EUH 4243. Europe, 1870-1900: The Age of European Hegemony (3). This course will examine the period when the European states were at the apogee of their power and will concentrate on the domestic situation and foreign policy of the major continental powers, as well as special emphasis on Bismarkian diplomacy and the imperial rivalries in the Balkans and overseas.
EUH 4244. Fascism (3). This course deals with the organization, leaders, ideology, and governments of Fascist movements between 1919 and the end of World War II. The focus will be a comparative examination of Mussolini's Fascist dictatorship in Italy and Hitler's Nazi regime in Germany.
EUH 4282. Europe in the Cold War and Detente (3). Deals with the post-World War II era in Europe, tracing occupation policies, the division of Europe East and West, the development of the major European states, and the efforts to arrive at detente in respect to East-West tensions.
EUH 4331. East Central Europe, 1815 to Present (3). This course will examine the social, political, economic, and cultural development of the lands traditionally known as Poland, Hungary, Czechoslovakia, and the Baltic States from the Congress of Vienna to the present. Wherever possible, attempts will be made to present issues within a comparative framework.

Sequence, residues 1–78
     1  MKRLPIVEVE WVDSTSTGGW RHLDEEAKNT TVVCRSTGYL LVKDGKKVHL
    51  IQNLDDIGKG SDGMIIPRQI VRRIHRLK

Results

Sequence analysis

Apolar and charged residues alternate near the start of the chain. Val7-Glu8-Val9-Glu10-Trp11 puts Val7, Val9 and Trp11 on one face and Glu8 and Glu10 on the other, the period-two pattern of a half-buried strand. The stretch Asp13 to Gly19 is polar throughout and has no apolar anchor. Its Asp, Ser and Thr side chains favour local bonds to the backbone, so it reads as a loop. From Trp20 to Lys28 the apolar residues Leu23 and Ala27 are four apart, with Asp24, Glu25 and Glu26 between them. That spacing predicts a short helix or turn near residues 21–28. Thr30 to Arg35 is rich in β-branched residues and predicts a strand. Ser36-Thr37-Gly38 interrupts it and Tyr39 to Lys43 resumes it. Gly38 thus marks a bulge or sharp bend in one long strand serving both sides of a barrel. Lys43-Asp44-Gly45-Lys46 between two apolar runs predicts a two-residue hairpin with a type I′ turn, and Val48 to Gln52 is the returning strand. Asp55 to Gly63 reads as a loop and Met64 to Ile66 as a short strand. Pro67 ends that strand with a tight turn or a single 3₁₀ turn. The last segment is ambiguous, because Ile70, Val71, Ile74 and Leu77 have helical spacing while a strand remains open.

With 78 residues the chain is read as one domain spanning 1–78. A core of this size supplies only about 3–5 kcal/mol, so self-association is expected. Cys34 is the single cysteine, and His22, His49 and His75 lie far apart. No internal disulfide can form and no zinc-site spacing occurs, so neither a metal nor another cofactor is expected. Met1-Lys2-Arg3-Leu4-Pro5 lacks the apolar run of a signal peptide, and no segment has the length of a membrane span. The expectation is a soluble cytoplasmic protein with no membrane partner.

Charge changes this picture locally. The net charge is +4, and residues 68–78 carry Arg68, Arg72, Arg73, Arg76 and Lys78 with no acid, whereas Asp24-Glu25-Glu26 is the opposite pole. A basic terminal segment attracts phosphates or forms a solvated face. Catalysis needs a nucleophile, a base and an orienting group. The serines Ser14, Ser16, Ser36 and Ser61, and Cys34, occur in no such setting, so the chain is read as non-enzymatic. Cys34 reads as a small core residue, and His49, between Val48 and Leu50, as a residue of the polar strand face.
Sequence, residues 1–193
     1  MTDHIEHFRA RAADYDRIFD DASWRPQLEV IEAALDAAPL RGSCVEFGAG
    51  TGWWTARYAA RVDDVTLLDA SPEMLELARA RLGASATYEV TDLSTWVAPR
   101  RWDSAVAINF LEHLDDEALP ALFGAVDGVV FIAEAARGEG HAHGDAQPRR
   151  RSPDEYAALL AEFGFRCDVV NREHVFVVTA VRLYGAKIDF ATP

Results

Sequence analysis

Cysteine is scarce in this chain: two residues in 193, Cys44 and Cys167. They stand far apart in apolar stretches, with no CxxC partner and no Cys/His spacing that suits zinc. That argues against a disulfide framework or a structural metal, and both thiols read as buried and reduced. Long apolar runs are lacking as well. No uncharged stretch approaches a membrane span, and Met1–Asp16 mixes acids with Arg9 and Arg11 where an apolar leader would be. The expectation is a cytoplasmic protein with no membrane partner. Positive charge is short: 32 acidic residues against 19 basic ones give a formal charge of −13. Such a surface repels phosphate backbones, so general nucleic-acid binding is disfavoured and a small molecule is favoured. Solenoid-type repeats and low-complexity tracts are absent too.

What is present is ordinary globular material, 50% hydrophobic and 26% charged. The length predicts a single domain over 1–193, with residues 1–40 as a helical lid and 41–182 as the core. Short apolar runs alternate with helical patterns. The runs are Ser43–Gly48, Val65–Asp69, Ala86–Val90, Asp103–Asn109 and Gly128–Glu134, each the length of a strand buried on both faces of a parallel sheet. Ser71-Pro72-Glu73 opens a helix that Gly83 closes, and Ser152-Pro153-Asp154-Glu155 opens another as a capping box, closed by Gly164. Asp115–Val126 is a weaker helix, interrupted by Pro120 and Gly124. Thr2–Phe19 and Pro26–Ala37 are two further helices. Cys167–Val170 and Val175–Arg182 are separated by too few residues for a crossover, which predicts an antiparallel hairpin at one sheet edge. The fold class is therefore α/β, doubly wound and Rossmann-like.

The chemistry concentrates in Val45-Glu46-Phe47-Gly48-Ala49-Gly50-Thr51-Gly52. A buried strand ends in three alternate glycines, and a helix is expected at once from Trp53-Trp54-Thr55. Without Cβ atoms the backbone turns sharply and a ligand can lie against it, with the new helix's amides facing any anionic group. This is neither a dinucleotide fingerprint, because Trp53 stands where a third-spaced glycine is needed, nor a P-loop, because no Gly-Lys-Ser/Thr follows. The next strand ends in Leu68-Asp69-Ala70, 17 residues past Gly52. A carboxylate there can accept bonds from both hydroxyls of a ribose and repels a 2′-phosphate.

EUH 4332. Balkans Since 1700 (3). The course of Balkan history emphasizing the penetration of the Hapsburg and Russian empires, the decay of the Ottomans, and the emergence of the Balkan states after the wars of liberation, with stress on the cultural peculiarities of the various ethnic groups.
EUH 4452. The Age of the French Revolution, 1715â€“1795 (3). This course is a study of the 18th century and its transformation by the forces unleashed by the French Revolution. The radicalization of the Revolution is traced to the Terror and the overthrow of Robespierre's dictatorship.
EUH 4454. Napoleonic Europe, 1795-1815 (3). This course traces the rise of Napoleon and his impact—political, social, economic, military, etc.—on France and Europe, culminating in his defeat at Waterloo.
EUH 4465. Nazi Germany (3). Deals with the background of the Nazi regime, the character of Hitler's dictatorship, and the origins and course of WWII in its European context. Also examined is National Socialism's impact on German institutions and racial consequences.
EUH 4500. England in the Middle Ages (3). History of England from Anglo-Saxon settlements to the establishment of the Tudor Dynasty. The course covers all significant aspects of life in medieval England, but emphasis is on growth of English common law and the constitution. Of particular interest to prelaw students.
EUH 4502. England Since 1870 (3). A history of Great Britain (since 1870) from a great world power to a European Common Market member. Economic, diplomatic, imperial, social, and political affairs are considered.
EUH 4510. Tudor England (3). History of England from the Yorkist kings in the late 15th century to the end of the reign of Elizabeth I in 1603. In addition, the course will cover the major points of Scottish and Irish history in the 16th century as well as English culture.